Debbie's Blog

Van Till Family Farm Winery

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Reminded me of the fictional antagonist in the movie The Wizard of Oz, the Wicked Witch of the West…

Tackling the thorny trees that were growing in a neglected fence line along the pasture at the winery, made me think of the Wicked Witch of the West from the movie, “The Wizard of Oz.” We have had some warm days for winter, in the 50’s these last few weeks, so I spent some time enjoying the outdoors with my battery powered chainsaw and I cut them down.

As you can see in this picture, they are most wicked with 2-3″ thorns that cut through even insulated pants, but not

through the welding gloves I wear!

The fence row is clean now, but the thorny trees lay in the pasture waiting for me

to send them through the chipper on the tractor, which is in the first picture, and it does a fine job of turning these wicked branches into harmless wood!

So, as I chipped and the pile spread out on the ground and the pile of branches got smaller, it was then that I imagined the similarity between the small wet pile of clothes that was left of the Wicked Witch of the West after Dorothy threw the water on her, and my

sprawling pile of chipped thorny branches near the fence. Such a great sense of satisfaction! Unlike Dorothy, I didn’t regret turning the stack of branches into a harmless pile. I intentionally aimed to make the pile near the fence, because I don’t use these for making compost

for the garden and vineyard. Let them turn into organic matter for the pasture.

Here is a pile of good woody chips made from a diverse collection of trees and saplings that we have been collecting from the farm this fall and winter.

These will be left here to age over the winter and early spring and when we start

making compost, we will add green material and nitrogen so the piles will go through a

thermophilic process and produce a lot of heat and become BioComplete Compost with lots of microbes!

Here is some compost made last summer. It has a nice deep chocolate brown color and is full of microbes.

This will be used to make compost extract for the vineyard and gardens.

Harvesting the grapes, the fruit of the vine!

The wine, from the fruit of the vine, and the active microbes! Cheers!


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The Pawpaws are ready to pick!

Though we are really busy in the middle of grape harvest and have tanks of wine, at different stages of production, that have to be monitored and grapes ripening in the vineyard, we make time to keep an eye on the fruit trees in our gardens.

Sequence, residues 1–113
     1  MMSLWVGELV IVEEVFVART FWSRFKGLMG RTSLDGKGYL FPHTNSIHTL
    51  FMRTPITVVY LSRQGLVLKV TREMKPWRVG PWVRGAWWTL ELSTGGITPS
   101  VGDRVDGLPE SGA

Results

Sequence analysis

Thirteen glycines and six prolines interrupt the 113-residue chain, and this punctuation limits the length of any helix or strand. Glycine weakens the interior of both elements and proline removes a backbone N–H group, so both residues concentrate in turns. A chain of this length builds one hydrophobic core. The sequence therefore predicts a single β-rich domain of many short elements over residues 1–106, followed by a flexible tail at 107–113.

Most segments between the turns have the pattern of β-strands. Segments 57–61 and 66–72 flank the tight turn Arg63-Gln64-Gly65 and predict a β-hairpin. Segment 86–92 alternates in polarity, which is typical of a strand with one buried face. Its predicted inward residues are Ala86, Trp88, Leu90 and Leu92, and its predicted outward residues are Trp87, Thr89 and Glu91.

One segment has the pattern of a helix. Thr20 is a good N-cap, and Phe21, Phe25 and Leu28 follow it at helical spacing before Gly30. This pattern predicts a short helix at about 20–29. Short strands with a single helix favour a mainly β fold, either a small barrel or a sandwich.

The pears are ripening and will soon be turned into Pear Dessert Wine (port).  But, there is one kind of fruit tree that I think I will use for cooking and not for wine.

There are two Pawpaw trees in our Wine Barn Garden and the fruit is ready to pick!

Pawpaw Tree in Wine Barn Garden

Pawpaw Tree in the Wine Barn Garden. This tree is 10 years old and about 12 feet tall.


The race is on to get the fruit when it just ripens, but,  before the raccoons or the opossum.

More Pawpaw Fruit Ready to Pick

Pawpaws ready to Pick.


Pawpaw trees (Asimina triloba) are native to North America, growing wild in much of the eastern and Midwest portions of the United States.

The fruit tastes similar to a banana, and can be used in recipes similar to how one would

use a banana.

This month Chef Matthew is making a special dessert with the ripe pawpaws.  He’s

made a wonderful Pawpaw Cake and Pawpaw pudding topping to accompany the cake.

This will be on the menu and served in the Wine Garden this weekend. Should be very tasty.

Now, which wine will we pair with that?



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Dynamic Accoumulators

Comfrey plant before leaves are cut off for compost around this young espalier tree.

Comfrey as a Dynamic Accumulator

In this second picture, I have chopped down this comfrey plant, (Russian Comfrey),  for the 3rd time this year and laid the leaves down around the small fruit trees that we have started in the Secret Garden.  This plant was put into the garden as a Dynamic Accumulator, to bring nutrients, especially calcium,  (which is vital for good, sweet fruit),  from deep in the soil into the leaves.  The plant had grown  very lush  with leaves and flowers, and then I cut it back  to the ground, as you can see in the picture, and spread the leaves around the root zone of these small fruit trees.  This doesn’t hurt the plant at all, in fact,  I will be cutting it back again a few more times this summer and into the fall.  The best way to tell if it is really  accumulating calcium is to take a soil test.  I will wait until next year or the year after to do that.  Building the soil without purchasing ” off-farm” inputs does take patience,  and is an ideal way to build soil in a urban garden, too.

Since there is always something exciting happening in the garden, I am willing to wait a year or so to tell if my soil building on these trees is effective.  In the meantime, I am training the fruit trees in the Secret Garden using two techniques developed in Europe called Espalier and The Lorette System.   These trees will be trained and  pruned during the summer months using methods that allow for lots of fruit in a small space.   Building a wall for the garden is in the August plans just before grape harvest  so, when we begin construction, I will post on that progress.  Too much to do outside to spend too much time on the computer.  Enjoying the season, Deb